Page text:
Henryk Goldszmit, better known by his pseudonym Janusz Korczak, was the leading Polish-Jewish educator, children's author, and pediatrician in 1930s Warsaw and his works are still studied today. In 1942, as director of an orphanage in Warsaw, he refused freedom and stayed with his orphans when they were sent to the Treblinka extermination camp. Korczak is known to have said: "The one concerned with days, plants wheat; with years, plants trees; with generations, educates people."
The commitment of one generation to the next is the foundation of a strong and healthy society. Every state has the fundamental obligation to protect, integrate, empower and educate its children.
Israel understands that effective education is a cornerstone for the healthy development of children. As such, we plan to implement a landmark law this fall that will provide free compulsory education for children from the ages of 3 to 18.
Since its inception, Israel has sought to fulfill its obligations to children with a broad range of legislation and government programs.
In 2008, Israel launched National Program for Children and Youth at Risk, encompassing five government ministries. The Program focuses on Community based care, Early childhood and preventative services and has offered a wide range of reforms: it de-centralized the decision-making process regarding budget allocation to at-risk children, identified all children at risk in the community, systematized data-based services through local inter-organizational forum, and has held each local community responsible for tracking the outcomes of all children served.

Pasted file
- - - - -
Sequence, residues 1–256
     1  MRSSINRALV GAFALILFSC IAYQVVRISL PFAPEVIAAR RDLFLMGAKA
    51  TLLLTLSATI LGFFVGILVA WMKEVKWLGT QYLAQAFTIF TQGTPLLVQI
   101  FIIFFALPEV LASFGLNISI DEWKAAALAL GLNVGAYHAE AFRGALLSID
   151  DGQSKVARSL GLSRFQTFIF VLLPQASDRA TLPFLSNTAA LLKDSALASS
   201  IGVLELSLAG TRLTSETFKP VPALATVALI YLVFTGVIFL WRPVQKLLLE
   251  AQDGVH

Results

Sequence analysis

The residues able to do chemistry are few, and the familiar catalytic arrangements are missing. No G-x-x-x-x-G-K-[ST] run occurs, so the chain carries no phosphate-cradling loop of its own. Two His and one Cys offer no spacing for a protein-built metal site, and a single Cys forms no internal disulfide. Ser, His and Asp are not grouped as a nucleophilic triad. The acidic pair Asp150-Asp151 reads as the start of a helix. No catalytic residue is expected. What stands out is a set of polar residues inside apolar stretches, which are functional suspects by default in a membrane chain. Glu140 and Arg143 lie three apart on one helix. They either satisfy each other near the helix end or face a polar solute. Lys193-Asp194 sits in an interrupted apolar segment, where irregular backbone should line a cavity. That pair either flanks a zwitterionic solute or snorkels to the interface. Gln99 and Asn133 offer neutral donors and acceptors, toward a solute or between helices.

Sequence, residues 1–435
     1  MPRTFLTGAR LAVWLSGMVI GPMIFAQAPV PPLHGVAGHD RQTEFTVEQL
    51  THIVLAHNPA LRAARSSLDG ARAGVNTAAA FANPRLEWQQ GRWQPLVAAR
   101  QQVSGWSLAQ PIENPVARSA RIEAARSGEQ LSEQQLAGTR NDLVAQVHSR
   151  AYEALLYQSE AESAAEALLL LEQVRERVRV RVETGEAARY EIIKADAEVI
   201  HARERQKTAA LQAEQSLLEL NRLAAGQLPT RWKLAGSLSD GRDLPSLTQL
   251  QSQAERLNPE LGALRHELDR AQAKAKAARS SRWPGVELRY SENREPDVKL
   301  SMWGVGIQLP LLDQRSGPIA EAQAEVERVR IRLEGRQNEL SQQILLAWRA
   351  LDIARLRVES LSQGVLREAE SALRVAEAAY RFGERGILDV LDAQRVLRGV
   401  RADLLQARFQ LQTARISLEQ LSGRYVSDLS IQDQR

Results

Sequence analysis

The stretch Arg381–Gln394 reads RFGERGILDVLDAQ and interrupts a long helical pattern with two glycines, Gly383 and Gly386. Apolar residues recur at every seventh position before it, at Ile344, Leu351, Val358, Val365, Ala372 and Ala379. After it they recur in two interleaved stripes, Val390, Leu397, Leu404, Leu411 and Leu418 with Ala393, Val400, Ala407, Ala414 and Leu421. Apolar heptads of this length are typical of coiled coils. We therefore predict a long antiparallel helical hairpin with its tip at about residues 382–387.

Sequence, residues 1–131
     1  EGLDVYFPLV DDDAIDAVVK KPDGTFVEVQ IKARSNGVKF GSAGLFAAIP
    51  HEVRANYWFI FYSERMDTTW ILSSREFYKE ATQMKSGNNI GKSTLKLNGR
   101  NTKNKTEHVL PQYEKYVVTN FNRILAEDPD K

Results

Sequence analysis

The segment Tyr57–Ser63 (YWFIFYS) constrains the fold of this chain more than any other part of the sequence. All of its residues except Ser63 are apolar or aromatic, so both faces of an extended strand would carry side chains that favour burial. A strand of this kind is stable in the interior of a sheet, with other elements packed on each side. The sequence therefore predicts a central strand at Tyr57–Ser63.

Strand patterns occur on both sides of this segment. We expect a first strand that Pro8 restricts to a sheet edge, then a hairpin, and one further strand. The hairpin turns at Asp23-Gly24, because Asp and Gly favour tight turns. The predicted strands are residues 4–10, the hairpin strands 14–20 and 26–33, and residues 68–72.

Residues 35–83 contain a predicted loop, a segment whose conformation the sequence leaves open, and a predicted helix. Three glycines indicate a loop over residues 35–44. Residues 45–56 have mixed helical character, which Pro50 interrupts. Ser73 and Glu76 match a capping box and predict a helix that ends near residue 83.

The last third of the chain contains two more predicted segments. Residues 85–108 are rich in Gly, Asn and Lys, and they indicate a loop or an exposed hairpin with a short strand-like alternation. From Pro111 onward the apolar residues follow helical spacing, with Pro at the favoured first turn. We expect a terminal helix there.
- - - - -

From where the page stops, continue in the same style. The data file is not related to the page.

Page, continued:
Israel’s vibrant civil society plays a leading role in protecting and empowering children.
For example, an NGO known as ELEM operates a variety of innovative programs nationwide that reach out to troubled children in all sectors of our society, including Israeli-Arabs, Ultra-Orthodox Jews, and immigrants from the Former Soviet Union and Ethiopia. It offers preventive care and support through counseling centers, shelters, online chat forums, and other social services.
The National Council for the Child is the leading Israeli NGO for caring and advocating for the rights of Israeli children. Its Child Victim Assistance Program provides psychological counseling for children and youth who are crime victims, helping to guide them through the judicial process when they must testify in court.
Save a Child’s Heart (SACH) provides life-saving cardiac surgery and other life-saving procedures for children from developing countries whose parents cannot afford and cannot access such surgery. Over the past fifteen years, SACH has treated more than 3,000 children from 43 countries, many of whom do not have diplomatic relations with Israel. The group also offers a full training program in Israel for medical personnel from developing countries. It recently received special consultative status in ECOSOC in recognition of its work.
Israel greatly appreciates UN agencies and leaders who are working to improve life for children. I would like to take this opportunity to congratulate Ms. Leila Zerrougui on her appointment as the new Special Representative on Children in Armed Conflict, and salute the former Special Representative Under-Secretary General Radhika Coomaraswamy.